Ancient Monuments

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Pumping engine house for Brunel's Thames tunnel

A Scheduled Monument in Rotherhithe, Southwark

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Latitude: 51.5016 / 51°30'5"N

Longitude: -0.0529 / 0°3'10"W

OS Eastings: 535239.16079

OS Northings: 179871.887545

OS Grid: TQ352798

Mapcode National: GBR JB.3BG

Mapcode Global: VHGR1.1JC6

Entry Name: Pumping engine house for Brunel's Thames tunnel

Scheduled Date: 14 December 1976

Source: Historic England

Source ID: 1005556

English Heritage Legacy ID: LO 140

County: Southwark

Electoral Ward/Division: Rotherhithe

Built-Up Area: Southwark

Traditional County: Surrey

Lieutenancy Area (Ceremonial County): Greater London

Church of England Parish: Rotherhithe St Mary with All Saints

Church of England Diocese: Southwark


Pumping engine house of the Thames Tunnel, 70m ENE of St Mary’s Church.

Source: Historic England


This record was the subject of a minor enhancement on 19 March 2015. This record has been generated from an "old county number" (OCN) scheduling record. These are monuments that were not reviewed under the Monuments Protection Programme and are some of our oldest designation records.

The monument includes a 19th century engine house, which originally contained the steam driven pumps used to keep the Thames Tunnel clear of water. It is situated on the south side of the River Thames on Tunnel Road at Rotherhithe.

The engine house is constructed from stock brick with a pantiled roof. The blind west return has flat buttresses to the first floor whilst the east return is mainly blind with various filled in openings. The north end has part of a curved wall to the right and, to the left, an attached, taller, square battered chimney with a stone cornice and a blocking course above a brick corbel table. On top of it is a replica steel plate chimney stack reinstated in 1993. In the south return there is an opening to the interior. North-east of the engine house is the air shaft of the Thames Tunnel, a cylindrical access shaft about 15m wide.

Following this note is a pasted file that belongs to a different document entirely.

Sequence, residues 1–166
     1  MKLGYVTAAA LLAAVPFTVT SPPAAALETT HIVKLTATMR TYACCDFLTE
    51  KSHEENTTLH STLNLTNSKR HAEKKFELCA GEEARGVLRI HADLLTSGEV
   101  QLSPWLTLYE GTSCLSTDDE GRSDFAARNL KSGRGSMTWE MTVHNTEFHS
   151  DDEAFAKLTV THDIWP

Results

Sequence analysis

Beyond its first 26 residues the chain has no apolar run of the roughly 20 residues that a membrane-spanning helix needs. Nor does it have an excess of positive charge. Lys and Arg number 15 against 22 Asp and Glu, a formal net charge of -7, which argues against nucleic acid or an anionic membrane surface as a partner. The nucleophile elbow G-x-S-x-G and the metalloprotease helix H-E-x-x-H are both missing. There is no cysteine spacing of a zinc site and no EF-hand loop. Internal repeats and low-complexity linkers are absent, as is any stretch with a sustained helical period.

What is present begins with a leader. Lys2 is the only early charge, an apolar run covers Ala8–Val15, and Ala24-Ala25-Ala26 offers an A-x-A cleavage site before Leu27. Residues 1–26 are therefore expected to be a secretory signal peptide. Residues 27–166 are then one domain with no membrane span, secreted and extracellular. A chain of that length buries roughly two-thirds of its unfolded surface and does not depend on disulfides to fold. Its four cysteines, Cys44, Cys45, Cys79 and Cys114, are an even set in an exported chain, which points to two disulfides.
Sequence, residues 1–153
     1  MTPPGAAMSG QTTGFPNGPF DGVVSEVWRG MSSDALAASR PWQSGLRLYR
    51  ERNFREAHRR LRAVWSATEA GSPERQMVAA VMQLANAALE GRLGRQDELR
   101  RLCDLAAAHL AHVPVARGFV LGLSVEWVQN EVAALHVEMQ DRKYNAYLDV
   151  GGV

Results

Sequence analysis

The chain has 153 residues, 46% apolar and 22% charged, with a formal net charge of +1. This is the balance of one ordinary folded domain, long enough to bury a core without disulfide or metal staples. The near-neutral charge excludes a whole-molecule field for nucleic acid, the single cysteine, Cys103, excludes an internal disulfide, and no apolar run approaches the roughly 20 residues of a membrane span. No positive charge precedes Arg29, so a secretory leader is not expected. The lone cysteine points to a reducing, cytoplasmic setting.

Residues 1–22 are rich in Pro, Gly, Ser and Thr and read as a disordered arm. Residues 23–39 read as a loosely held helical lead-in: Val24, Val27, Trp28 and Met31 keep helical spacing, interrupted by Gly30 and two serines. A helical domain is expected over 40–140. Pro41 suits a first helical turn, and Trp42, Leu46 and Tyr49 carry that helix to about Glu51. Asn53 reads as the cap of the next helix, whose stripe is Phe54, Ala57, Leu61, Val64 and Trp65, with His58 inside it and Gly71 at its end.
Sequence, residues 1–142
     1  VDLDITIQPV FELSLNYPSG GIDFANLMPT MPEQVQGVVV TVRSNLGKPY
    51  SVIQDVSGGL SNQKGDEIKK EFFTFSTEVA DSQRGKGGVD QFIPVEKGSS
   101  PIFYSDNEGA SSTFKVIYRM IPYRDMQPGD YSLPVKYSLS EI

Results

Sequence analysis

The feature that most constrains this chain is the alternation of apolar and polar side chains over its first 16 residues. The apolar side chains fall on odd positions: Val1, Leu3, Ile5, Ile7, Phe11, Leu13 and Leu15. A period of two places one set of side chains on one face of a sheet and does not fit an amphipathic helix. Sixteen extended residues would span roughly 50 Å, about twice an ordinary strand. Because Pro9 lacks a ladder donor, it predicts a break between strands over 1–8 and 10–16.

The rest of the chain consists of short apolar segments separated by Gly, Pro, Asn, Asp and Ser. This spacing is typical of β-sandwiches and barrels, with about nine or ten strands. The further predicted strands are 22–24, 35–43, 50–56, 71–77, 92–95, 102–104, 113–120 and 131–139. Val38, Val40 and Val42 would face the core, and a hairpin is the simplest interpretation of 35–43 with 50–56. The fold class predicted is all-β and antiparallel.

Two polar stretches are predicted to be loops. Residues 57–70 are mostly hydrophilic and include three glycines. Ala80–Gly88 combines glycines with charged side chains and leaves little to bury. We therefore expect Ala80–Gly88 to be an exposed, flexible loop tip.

The engine house was built by Marc Isambard Brunel, with the assistance of his son Isambard Kingdom Brunel, in about 1842. It replaced an earlier boiler house on the site and was used to house the pumps that kept the Thames Tunnel clear of water. The Thames Tunnel, built between 1825 and 1843, was the first sub-aqueous tunnel under the River Thames. As well as being the world's first bored tunnel crossing of a river it is the earliest example of a shield driven tunnel. The tunnel was originally used by pedestrians, although it had been designed for horse-drawn carriages, until it was converted into the East London railway line in about 1869.

The pumping engine house was probably enlarged in about 1865 when new approaches to the tunnel were built by the East London Railway and a need for pumps and machinery meant that the building reverted to use as a boiler house. In 1913, new electric pumps were built to drain the tunnel and the building was let as storage shed. It was restored in 1976 and now houses a museum.

The engine house is Grade II listed and the Thames Tunnel is Grade II* listed.

Source: Historic England

Reasons for Scheduling

Steam engines, housed in engine houses, were used throughout the 18th and 19th centuries to pump water out of mine shafts. The first practical steam-powered engine was patented by Thomas Savery in 1698. It was powered by a vacuum created by condensing steam within a cylinder and was used to pump water out of mines and at pumping stations. In 1712, Thomas Newcomen created the first commercially successful engine, which could be used to drain mine shafts at far greater depths.

In the later 18th century, James Watt introduced major improvements. These included a separate condensing chamber for the steam engine, patented in 1769, which prevented enormous losses of steam. In the early 19th century, high pressure steam engines were developed, which provided more power yet were small enough to be implemented into modes of transport. The steam engine was a foundation stone of the industrial revolution in Britain and was widely used to drive machinery in factories and mills, power pumping stations, trains and ships. Steam continued as a dominant power source into the 20th century, after which it was eventually substituted by the electric motor and internal combustion engine.

Despite later alterations, the pumping engine house of the Thames Tunnel, 70m ENE of St Mary’s Church, is an impressive monument which survives well. Although it no longer houses the original steam driven pump, it is an integral part of the first Thames Tunnel; a remarkable feat of engineering as the first sub-aqueous tunnel under the River Thames. As a site accessible to the public, the engine house provides a valuable educational and recreational resource.

Source: Historic England


Greater London SMR MLO93393. NMR TQ37NE59, TQ38SE110. PastScape 404381, 1059012.

Source: Historic England

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